Association of Chronic Low-grade Inflammation With Risk of Alzheimer Disease in ApoE4 Carriers.
JAMA Netw Open. 2018 Oct 5 ;1(6):e183597. Epub 2018 Oct 5. PMID: 30646251
Importance: The association between peripheral inflammatory biomarkers and Alzheimer disease (AD) is not consistent in the literature. It is possible that chronic inflammation, rather than 1 episode of inflammation, interacts with genetic vulnerability to increase the risk for AD.
Objective: To study the interaction between the apolipoprotein E (ApoE) genotype and chronic low-grade inflammation and its association with the incidence of AD.
Design, Setting, and Participants: In this cohort study, data from 2656 members of the Framingham Heart Study offspring cohort (Generation 2; August 13, 1971-November 27, 2017) were evaluated, including longitudinal measures of serum C-reactive protein (CRP), diagnoses of incident dementia including AD, and brain volume. Chronic low-grade inflammation was defined as having CRP at a high cutoff level at a minimum of 2 time points. Statistical analysis was performed from December 1, 1979, to December 31, 2015.
Main Outcomes and Measures: Development of AD and brain volumes.
Results: Of the 3130 eligible participants, 2656 (84.9%; 1227 men and 1429 women; mean [SD] age at last CRP measurement, 61.6 [9.5] years) with both ApoE status and longitudinal CRP measurements were included in this study analysis. Median (interquartile range) CRP levels increased with mean (SD) age (43.3 [9.6] years, 0.95 mg/L [0.40-2.35 mg/L] vs 59.1 [9.6] years, 2.04 mg/L [0.93-4.75 mg/L] vs 61.6 [9.5] years, 2.21 mg/L [1.05-5.12 mg/L]; P < .001), but less so among those with ApoE4 alleles, followed by ApoE3 then ApoE2 genotypes. During the 17 years of follow-up, 194 individuals (7.3%) developed dementia, 152 (78.4%) of whom had AD. ApoE4 coupled with chronic low-grade inflammation, defined as a CRP level of 8 mg/L or higher, was associated with an increased risk of AD, especially in the absence of cardiovascular diseases (hazard ratio, 6.63; 95% CI, 1.80-24.50; P = .005), as well as an increased risk of earlier disease onset compared with ApoE4 carriers without chronic inflammation (hazard ratio, 3.52; 95% CI, 1.27-9.75;P = .009). This phenomenon was not observed among ApoE3 and ApoE2 carriers with chronic low-grade inflammation. Finally, a subset of 1761 individuals (66.3%) underwent brain magnetic resonance imaging, and the interaction between ApoE4 and chronic low-grade inflammation was associated with brainatrophy in the temporal lobe (β = -0.88, SE = 0.22; P < .001) and hippocampus (β = -0.04, SE = 0.01; P = .005), after adjusting for confounders.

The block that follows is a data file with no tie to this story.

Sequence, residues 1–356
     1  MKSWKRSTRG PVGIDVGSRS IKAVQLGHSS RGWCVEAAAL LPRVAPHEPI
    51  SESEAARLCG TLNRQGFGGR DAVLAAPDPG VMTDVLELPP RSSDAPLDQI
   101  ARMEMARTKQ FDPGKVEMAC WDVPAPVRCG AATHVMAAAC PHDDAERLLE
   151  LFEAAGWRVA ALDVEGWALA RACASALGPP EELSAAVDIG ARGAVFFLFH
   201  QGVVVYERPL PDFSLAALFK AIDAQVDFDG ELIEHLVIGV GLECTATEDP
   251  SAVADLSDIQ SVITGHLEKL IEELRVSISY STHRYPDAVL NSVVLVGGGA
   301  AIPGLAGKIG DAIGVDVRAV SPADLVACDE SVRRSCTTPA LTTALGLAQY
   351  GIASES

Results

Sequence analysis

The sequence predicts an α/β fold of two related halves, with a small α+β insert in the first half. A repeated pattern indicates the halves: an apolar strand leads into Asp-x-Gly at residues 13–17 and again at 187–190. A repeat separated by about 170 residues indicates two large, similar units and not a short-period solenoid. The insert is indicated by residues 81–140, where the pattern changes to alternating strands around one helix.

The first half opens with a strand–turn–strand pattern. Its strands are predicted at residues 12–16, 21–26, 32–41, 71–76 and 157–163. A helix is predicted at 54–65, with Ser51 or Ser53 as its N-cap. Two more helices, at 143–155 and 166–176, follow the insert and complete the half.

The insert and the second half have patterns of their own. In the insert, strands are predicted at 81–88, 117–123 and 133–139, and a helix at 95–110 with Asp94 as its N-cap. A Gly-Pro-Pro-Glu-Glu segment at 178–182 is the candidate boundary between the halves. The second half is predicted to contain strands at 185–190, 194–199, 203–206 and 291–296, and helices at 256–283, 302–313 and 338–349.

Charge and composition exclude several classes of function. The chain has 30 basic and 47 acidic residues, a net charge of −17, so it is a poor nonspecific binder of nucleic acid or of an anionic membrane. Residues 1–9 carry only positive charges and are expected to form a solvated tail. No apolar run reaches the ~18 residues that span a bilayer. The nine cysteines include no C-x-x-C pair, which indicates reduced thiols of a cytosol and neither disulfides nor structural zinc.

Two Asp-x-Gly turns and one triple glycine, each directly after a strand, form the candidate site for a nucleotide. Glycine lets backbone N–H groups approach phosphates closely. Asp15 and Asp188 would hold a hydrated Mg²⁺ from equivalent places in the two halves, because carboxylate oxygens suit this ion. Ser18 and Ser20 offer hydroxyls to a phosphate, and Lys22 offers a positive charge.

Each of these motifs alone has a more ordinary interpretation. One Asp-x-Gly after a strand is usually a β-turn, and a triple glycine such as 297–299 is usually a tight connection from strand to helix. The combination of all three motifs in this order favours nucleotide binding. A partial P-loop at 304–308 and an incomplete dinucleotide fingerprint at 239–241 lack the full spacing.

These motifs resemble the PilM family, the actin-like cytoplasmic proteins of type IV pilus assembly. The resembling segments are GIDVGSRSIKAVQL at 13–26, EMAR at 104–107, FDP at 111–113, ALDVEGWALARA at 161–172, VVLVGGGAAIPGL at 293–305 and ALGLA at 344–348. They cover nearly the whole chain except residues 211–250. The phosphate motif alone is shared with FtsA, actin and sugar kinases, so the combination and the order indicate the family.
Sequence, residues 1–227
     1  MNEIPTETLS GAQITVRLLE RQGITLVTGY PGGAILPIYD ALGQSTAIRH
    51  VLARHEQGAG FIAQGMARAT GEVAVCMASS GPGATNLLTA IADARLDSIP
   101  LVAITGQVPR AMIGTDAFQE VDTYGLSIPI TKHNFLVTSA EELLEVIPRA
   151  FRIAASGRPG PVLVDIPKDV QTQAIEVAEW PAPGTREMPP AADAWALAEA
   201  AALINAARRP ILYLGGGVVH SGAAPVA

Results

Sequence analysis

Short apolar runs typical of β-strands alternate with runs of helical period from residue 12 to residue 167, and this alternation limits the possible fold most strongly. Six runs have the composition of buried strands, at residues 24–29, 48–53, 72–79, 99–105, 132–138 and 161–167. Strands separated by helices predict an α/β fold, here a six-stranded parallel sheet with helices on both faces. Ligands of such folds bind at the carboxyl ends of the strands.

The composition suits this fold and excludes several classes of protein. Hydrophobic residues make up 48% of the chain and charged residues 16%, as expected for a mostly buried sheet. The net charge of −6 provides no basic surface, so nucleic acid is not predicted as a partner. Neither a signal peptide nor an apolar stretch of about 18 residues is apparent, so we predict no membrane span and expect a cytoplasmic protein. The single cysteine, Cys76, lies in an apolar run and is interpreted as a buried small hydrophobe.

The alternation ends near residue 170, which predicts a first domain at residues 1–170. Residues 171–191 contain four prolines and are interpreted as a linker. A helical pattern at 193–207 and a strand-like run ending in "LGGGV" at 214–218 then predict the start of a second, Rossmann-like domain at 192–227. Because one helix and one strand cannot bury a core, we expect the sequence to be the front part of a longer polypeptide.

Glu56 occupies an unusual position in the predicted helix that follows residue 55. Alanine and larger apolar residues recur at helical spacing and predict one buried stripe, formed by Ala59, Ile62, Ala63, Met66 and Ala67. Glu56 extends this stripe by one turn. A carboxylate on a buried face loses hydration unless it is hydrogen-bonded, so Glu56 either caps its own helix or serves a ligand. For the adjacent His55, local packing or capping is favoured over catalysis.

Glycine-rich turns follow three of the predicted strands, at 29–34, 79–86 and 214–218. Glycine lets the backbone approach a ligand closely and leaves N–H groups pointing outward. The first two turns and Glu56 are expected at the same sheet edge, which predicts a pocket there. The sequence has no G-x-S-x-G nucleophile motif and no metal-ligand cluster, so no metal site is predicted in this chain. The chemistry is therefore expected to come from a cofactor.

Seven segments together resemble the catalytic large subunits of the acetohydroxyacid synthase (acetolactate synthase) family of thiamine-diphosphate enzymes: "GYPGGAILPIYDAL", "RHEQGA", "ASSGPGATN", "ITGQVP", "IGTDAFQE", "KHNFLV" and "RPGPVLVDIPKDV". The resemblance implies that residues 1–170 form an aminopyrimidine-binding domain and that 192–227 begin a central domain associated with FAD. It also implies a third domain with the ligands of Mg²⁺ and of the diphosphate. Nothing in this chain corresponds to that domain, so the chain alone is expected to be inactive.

Conclusions and Relevance: In this study, peripheral chronic low-grade inflammation in participants with ApoE4 was associated with shortened latency for onset of AD. Rigorously treating chronic systemic inflammation based on genetic risk could be effective for the prevention and intervention of AD.